I want the Home for Lost Pets to be the community center where all of you can escape from the distresses of life, be who you want to be, be who you wish you could be comfortable being in public. I also want the Home for Lost Pets to be a new type of beacon for others in the LGBTQ+ community, or maybe a blueprint for other community organizations to follow. But also, I want to take the cliché "there is strength in numbers" and quote Richelle E Goodrich when she extended it to say "There is strength in numbers, yes, but even more so in collective good will. For those endeavors are supported by mighty forces unseen." Those of us who come together to find a home among other lost pets can collectively work to be the shoulders for the next generation.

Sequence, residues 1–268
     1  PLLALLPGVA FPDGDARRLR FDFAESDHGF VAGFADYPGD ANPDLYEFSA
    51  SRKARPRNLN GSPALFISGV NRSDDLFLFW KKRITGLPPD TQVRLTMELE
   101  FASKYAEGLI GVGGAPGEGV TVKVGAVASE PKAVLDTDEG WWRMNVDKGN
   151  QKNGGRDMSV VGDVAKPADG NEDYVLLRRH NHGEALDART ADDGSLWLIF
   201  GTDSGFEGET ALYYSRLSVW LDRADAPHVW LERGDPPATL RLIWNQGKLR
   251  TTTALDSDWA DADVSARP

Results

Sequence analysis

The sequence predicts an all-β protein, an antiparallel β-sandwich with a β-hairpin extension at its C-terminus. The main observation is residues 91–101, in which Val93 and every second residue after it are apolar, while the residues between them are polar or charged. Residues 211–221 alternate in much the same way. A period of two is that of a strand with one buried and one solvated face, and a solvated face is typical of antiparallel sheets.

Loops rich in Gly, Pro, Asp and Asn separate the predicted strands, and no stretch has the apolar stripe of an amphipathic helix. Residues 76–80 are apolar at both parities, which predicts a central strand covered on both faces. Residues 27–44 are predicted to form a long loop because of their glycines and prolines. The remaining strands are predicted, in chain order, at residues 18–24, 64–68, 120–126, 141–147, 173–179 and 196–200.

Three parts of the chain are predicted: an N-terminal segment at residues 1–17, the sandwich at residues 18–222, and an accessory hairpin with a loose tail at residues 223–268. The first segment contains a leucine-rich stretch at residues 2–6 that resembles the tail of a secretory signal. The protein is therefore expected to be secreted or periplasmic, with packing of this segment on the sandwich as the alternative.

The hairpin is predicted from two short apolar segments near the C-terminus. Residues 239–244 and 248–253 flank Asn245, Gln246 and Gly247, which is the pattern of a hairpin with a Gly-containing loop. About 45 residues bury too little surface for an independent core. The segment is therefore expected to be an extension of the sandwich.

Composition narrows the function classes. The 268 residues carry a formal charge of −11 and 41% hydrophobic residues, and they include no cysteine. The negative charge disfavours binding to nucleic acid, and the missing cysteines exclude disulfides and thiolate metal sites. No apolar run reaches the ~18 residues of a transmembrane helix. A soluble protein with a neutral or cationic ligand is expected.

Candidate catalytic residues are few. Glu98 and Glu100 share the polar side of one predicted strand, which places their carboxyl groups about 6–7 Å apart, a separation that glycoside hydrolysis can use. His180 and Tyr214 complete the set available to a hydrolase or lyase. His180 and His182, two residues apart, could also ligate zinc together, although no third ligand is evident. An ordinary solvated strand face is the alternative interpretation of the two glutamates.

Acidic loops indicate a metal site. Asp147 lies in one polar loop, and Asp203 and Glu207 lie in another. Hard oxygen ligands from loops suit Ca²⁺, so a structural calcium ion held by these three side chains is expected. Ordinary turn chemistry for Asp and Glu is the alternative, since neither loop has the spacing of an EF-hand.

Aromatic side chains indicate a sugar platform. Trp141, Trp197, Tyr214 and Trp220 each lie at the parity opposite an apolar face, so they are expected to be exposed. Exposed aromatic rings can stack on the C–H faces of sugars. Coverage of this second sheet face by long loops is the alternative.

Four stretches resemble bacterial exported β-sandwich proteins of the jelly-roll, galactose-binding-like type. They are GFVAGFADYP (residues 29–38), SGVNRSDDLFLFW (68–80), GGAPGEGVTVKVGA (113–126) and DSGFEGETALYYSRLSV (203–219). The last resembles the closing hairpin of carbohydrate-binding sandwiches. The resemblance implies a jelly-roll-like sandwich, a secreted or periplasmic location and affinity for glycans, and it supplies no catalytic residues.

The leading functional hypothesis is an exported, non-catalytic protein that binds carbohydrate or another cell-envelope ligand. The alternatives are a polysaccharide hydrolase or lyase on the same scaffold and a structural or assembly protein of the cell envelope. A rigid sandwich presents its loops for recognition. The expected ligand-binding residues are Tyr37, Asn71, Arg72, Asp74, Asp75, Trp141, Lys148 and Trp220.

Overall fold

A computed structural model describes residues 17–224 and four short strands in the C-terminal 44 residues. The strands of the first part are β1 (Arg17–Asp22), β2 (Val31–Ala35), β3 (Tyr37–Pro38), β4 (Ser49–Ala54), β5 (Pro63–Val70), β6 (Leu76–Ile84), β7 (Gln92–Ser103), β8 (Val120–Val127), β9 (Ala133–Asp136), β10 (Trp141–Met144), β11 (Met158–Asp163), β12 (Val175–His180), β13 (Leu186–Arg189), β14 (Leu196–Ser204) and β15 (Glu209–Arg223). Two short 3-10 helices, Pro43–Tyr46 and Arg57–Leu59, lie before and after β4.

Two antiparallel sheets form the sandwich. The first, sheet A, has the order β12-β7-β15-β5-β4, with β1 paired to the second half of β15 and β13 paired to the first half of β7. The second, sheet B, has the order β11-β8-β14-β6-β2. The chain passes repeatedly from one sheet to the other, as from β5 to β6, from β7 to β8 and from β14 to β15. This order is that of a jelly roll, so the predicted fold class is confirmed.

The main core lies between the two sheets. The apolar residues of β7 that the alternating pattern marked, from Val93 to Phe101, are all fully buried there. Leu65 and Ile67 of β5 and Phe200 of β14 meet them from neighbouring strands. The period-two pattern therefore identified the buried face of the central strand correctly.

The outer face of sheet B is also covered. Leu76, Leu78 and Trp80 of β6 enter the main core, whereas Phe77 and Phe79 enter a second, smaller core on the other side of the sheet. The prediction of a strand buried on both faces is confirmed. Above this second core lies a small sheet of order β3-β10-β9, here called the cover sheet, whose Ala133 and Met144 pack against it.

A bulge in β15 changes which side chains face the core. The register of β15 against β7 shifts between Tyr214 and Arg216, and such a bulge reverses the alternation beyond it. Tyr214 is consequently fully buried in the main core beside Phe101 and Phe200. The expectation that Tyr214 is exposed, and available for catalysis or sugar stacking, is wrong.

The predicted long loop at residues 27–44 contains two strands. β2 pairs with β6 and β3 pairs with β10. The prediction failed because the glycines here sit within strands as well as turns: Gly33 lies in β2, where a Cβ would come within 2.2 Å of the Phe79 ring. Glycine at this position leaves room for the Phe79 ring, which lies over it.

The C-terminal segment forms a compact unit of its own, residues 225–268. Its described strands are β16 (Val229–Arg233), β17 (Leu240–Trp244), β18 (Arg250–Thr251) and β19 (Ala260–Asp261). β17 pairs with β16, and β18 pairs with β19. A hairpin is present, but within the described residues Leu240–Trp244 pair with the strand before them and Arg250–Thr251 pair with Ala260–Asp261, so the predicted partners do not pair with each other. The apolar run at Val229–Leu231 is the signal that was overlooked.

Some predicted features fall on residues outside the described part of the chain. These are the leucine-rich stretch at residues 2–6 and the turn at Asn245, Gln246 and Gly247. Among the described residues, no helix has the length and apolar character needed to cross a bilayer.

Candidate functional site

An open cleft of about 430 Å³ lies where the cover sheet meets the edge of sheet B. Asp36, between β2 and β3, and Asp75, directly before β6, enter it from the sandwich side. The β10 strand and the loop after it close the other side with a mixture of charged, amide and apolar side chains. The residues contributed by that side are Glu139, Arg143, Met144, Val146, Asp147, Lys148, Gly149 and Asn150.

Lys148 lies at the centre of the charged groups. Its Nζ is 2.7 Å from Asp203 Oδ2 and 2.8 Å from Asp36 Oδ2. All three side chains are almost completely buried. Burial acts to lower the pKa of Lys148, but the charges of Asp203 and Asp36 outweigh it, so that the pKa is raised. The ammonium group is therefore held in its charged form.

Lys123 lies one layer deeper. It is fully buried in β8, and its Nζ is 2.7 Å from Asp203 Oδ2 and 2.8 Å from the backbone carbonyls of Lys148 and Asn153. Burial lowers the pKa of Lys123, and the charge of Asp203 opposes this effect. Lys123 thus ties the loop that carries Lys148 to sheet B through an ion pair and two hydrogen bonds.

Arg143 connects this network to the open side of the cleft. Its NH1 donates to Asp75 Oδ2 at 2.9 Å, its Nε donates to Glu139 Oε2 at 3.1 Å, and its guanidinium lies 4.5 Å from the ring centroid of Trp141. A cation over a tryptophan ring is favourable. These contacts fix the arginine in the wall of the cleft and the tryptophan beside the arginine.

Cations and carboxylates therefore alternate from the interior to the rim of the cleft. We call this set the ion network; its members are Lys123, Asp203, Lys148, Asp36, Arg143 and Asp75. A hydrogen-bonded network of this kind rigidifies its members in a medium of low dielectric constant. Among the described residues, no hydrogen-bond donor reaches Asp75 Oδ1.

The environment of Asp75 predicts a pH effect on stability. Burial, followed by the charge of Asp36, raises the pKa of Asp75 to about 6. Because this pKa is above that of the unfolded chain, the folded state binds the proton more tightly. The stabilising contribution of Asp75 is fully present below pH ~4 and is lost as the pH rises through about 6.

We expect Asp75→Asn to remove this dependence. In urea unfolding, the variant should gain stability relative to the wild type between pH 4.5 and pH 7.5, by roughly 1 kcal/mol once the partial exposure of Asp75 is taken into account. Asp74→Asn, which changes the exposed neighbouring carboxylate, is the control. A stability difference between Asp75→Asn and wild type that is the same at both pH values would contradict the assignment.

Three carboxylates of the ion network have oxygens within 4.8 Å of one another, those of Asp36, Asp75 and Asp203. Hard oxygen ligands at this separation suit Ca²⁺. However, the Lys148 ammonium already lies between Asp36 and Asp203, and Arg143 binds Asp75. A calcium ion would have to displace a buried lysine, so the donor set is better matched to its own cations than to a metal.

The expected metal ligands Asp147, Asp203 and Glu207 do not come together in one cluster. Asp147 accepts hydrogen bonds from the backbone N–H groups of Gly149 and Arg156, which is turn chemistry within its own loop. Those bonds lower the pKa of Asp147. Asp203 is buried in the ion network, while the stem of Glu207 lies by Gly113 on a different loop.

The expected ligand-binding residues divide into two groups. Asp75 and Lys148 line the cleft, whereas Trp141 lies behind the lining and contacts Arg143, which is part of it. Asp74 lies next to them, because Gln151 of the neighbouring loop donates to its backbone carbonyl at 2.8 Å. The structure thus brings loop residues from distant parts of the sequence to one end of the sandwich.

Truthfully, I don't know where life is taking me next, nor do I know if the full vision of HLP with all of my lofty plans upon plans and layers of complicated details will ever be realized. Regardless whatever form HLP grows into, my hope is that it will continue to be, and further become, an organization that makes a difference for us today while opening doors for future generations of other lost people who might never learn how we helped pave a more accepting road into future society.
The core mission of HLP will always be to give you all a place where you can wag your tail without being laughed at by others who are trapped in their social normative thinking. The road to a better future happens as your participation in HLP also gives you added confidence to express your identity in public, which is where we can make a difference for the future.